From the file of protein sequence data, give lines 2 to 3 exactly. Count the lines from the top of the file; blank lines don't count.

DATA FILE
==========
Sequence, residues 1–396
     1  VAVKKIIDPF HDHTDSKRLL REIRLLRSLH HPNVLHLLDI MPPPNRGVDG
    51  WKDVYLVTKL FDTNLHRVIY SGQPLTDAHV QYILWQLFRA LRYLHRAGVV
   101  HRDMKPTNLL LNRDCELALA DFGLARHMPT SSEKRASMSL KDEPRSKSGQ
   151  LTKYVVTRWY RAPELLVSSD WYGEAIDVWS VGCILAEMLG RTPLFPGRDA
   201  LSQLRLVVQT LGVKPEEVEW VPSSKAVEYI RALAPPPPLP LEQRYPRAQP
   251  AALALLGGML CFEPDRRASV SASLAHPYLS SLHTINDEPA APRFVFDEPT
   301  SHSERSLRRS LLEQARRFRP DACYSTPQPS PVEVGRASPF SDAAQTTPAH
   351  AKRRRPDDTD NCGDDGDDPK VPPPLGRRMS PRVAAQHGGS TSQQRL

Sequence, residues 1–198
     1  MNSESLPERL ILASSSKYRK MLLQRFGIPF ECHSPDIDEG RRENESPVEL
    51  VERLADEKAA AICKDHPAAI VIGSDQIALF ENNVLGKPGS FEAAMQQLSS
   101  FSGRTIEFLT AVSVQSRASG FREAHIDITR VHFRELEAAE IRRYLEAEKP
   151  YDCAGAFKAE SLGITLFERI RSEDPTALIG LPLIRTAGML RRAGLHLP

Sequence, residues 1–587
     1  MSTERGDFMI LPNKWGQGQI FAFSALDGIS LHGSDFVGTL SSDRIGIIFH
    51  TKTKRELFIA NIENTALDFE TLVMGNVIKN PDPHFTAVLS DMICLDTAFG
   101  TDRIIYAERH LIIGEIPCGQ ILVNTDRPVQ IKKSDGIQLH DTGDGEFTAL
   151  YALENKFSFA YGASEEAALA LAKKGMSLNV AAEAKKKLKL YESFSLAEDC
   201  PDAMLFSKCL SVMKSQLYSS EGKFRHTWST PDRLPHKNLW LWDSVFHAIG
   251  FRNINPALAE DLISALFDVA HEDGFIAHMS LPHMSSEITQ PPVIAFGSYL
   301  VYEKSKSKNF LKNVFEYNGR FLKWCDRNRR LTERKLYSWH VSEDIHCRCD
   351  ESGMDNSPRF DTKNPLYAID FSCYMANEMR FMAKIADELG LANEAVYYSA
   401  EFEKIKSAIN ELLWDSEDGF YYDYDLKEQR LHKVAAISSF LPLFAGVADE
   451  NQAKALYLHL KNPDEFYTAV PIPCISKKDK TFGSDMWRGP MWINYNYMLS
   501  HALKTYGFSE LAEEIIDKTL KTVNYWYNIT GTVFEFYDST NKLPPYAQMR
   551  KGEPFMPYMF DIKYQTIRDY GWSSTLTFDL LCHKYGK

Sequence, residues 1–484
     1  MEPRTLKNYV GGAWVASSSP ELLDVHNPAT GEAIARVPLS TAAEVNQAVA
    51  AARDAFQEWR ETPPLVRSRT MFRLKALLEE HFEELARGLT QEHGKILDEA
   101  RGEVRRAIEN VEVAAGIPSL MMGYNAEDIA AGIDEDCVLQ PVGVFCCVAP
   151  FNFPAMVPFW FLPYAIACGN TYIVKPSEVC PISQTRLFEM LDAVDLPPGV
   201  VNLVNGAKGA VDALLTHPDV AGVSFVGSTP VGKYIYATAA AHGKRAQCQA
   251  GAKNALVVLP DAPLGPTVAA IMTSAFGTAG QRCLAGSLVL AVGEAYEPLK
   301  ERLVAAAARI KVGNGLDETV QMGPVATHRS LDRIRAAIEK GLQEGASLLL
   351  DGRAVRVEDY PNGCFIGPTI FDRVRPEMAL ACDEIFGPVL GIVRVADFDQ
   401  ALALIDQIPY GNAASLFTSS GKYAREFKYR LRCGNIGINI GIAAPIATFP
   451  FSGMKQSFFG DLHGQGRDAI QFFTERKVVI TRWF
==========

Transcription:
     1  VAVKKIIDPF HDHTDSKRLL REIRLLRSLH HPNVLHLLDI MPPPNRGVDG
    51  WKDVYLVTKL FDTNLHRVIY SGQPLTDAHV QYILWQLFRA LRYLHRAGVV